My Video Collection
After cataloguing my music collection I thought it was about time I did my films as well. I have controversially listed all sequels alongside their original counterpart so that series can be viewed as one. Many thanks to Amazon for the plagiarised review data & artwork, where available this has saved me an enormous amount of time.
Please select a letter to browse by title:
When you put on The Jacket, prepare for a head-trip into fragmented reality. Coproducer Steven Soderbergh might have fared better with this mind-bender than British director John Maybury (who indulges an excess of heavy-handed "style"), but it's intriguing enough to hold your attention as Gulf War veteran Jack Starks (Adrian Brody) sustains a head-wound that results in amnesia and fragmented timelines. One involves Jack's apparent killing of a policeman, after which he's institutionalized and subjected to straight-jacketed experiments in sensory isolation (with Kris Kristofferson as the doctor in charge); the other is a possible future involving a nihilistic waitress (Keira Knightley) with connections to his past, and the discovery that Jack will die in four days if he can't solve the brain-teasing puzzle he's fallen into. The Jacket aspires to the cleverness of Memento and falls short of that target, but Brody gives this exercise in desperate disorientation a certain gravitas that keeps you watching as his tormenting visions begin to unravel. Jennifer Jason Leigh, Brad Renfro and Kelly Lynch make the most of their small supporting roles - Jeff Shannon, Amazon.com
|Julia's Eyes - (Spanish)
Julia (Rueda) is suffering from an inherited medical condition that is slowly robbing her eyesight. Her twin sister Sara shares the same affliction and has recently undergone an unsuccessful operation to reverse her transition into blindness. When Julia learns of her sister's death by suicide, she refuses to believe the police report. Along with her husband Isaac (Luis Homar), Julia begins questioning Sara's neighbours and retracing her recent past in search of a mysterious male friend who may be involved in her death. The stress of the loss and the unpleasant events that start to happen around her causes Julia's eyesight to rapidly diminish. She is tormented by an 'Invisible Man', and suffers several chilling confrontations in her attempts to unravel the mystery. - Amazon Synopsis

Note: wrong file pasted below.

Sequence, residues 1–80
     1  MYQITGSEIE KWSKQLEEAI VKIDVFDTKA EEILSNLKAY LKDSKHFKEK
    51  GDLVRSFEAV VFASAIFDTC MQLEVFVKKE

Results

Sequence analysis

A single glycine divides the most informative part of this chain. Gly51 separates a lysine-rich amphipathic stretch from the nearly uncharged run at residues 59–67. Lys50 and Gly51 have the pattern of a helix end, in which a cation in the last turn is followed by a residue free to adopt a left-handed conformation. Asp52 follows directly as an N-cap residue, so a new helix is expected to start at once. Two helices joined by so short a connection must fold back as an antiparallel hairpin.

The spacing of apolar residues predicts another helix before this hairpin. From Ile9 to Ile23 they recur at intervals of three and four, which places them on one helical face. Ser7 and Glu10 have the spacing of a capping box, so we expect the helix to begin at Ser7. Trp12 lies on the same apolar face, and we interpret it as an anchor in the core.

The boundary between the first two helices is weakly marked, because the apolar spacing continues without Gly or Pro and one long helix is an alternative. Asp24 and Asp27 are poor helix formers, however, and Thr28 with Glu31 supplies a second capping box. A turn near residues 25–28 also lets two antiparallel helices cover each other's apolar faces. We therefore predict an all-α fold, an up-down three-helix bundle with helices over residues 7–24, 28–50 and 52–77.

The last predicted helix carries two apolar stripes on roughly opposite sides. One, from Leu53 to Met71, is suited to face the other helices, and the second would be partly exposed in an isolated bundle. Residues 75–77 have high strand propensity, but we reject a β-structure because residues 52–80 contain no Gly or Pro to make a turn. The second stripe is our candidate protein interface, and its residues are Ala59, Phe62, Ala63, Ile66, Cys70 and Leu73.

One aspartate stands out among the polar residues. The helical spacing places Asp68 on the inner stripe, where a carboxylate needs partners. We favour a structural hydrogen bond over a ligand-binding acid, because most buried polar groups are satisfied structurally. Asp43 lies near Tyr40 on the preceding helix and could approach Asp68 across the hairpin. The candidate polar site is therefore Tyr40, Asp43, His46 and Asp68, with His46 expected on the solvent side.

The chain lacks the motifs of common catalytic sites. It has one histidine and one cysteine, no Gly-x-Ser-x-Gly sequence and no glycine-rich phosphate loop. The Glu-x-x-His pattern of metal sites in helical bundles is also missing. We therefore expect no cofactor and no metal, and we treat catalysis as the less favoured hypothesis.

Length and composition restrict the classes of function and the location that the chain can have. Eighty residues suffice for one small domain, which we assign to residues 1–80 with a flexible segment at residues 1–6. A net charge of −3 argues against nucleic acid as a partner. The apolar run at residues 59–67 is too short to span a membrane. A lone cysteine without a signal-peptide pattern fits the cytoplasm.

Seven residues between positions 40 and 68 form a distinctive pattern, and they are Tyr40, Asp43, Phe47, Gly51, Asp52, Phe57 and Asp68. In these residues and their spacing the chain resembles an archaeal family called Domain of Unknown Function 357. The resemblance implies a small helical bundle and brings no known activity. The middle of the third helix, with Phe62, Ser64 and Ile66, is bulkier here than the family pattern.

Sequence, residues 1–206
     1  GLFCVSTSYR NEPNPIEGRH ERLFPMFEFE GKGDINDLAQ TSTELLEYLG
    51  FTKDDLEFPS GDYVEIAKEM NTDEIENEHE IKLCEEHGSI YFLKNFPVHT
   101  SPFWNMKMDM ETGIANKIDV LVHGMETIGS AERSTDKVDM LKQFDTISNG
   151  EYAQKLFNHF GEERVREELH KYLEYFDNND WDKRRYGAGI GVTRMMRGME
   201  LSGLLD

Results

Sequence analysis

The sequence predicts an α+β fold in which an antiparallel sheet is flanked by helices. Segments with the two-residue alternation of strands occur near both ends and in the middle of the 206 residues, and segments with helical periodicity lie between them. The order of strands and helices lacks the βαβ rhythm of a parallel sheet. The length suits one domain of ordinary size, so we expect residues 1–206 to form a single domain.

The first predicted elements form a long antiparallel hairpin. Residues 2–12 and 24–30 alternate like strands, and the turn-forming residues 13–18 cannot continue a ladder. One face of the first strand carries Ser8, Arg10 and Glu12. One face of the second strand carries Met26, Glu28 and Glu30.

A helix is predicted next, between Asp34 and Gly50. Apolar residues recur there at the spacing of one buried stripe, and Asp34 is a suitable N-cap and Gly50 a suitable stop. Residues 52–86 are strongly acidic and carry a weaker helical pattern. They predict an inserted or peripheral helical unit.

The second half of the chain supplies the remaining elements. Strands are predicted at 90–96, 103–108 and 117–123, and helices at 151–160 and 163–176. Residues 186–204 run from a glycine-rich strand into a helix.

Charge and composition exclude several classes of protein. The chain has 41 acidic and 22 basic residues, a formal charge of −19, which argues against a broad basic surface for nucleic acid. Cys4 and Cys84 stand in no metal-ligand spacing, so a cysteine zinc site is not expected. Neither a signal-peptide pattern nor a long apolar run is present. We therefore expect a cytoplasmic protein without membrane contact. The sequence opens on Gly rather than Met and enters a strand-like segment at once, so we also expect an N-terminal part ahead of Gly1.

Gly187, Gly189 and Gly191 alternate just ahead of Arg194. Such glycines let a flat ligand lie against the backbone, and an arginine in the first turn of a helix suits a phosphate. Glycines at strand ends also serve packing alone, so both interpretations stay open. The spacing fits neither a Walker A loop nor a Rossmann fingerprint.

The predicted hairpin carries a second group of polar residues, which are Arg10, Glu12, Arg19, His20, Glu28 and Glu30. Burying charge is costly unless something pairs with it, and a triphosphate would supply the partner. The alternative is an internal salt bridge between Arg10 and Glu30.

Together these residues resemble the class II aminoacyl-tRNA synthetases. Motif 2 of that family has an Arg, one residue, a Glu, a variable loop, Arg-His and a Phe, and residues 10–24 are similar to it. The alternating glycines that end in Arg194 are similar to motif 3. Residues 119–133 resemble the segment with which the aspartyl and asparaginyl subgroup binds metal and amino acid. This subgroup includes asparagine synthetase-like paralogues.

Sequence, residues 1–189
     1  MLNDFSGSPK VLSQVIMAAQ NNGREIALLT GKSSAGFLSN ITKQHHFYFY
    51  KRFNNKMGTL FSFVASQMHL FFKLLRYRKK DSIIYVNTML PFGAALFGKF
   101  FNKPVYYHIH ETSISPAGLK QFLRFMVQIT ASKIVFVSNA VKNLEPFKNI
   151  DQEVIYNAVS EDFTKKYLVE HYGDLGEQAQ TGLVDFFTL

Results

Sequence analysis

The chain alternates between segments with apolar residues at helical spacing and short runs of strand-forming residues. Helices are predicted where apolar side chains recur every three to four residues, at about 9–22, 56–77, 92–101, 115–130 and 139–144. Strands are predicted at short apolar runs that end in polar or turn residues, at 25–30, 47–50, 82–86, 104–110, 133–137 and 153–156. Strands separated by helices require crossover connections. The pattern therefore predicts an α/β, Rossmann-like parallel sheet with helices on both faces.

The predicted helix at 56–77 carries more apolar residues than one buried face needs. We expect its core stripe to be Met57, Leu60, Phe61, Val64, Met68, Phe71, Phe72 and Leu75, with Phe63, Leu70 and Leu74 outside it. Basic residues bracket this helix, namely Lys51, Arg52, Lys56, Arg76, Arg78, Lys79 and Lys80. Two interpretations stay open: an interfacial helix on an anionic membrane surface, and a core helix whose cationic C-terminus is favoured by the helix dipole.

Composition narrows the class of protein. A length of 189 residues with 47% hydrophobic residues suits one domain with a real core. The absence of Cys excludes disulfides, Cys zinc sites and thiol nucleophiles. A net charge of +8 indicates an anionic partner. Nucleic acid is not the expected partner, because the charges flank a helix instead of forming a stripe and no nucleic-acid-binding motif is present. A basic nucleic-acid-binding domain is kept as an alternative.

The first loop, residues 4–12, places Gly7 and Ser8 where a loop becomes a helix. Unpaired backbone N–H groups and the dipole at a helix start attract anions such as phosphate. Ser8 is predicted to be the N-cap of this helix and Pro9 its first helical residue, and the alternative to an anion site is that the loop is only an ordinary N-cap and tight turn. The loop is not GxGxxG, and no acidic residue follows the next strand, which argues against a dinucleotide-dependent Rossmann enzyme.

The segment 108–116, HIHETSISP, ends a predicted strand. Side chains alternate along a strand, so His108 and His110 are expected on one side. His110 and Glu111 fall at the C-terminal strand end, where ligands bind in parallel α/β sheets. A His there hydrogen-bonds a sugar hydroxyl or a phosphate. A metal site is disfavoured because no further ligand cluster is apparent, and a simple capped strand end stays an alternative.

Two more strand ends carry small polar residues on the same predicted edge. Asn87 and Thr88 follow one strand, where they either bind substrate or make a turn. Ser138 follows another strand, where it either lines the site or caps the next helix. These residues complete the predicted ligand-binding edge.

As preposterous action movies go, Jumper is pleasantly unpretentious and breezily entertaining. A young man named David (Hayden Christensen) discovers he has the power to teleport (or "jump") anywhere he can visualize. After using this power to steal and make a comfortable life for himself, he pursues the girl he longed for in school (Rachel Bilson, The O. C.). But as he does so, another jumper (Jamie Bell, Billy Elliot) and a pack of fanatical jumper-hunters called paladins (led by a white-haired Samuel L. Jackson) crashes into David's freewheeling life. Jumper wastes no time trying to explain how jumping works or delving into the hows and whys of the paladins; this is an alluring fantasy of power directed at a pell-mell pace by Doug Liman (The Bourne Identity, Mr. and Mrs. Smith, Go). There's a brief moment when it feels like the movie will bog down in romance and vague gestures towards character development--happily, that's the moment when Bell appears and the whole movie shifts into overdrive. You might wish that Bell and Christensen had swapped roles; Bell has a far more engaging personality, and Christensen's bland good looks might better suit a more aggressive character. Nonetheless, Jumper has oodles of dynamism and nifty visual effects to propel its comic-book storyline forward. A variety of recognizable actors in bit parts (such as Diane Lane and Kristen Stewart, Panic Room) suggest that the filmmakers are laying the groundwork for sequels. Based on a critically-acclaimed science-fiction novel by Steven Gould. - Bret Fetzer